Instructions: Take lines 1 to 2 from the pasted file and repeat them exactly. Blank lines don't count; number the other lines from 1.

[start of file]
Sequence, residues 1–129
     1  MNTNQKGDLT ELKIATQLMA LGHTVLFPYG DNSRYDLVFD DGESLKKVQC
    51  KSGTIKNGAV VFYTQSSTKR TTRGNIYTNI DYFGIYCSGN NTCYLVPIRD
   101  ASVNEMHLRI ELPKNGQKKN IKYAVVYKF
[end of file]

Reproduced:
Sequence, residues 1–129
     1  MNTNQKGDLT ELKIATQLMA LGHTVLFPYG DNSRYDLVFD DGESLKKVQC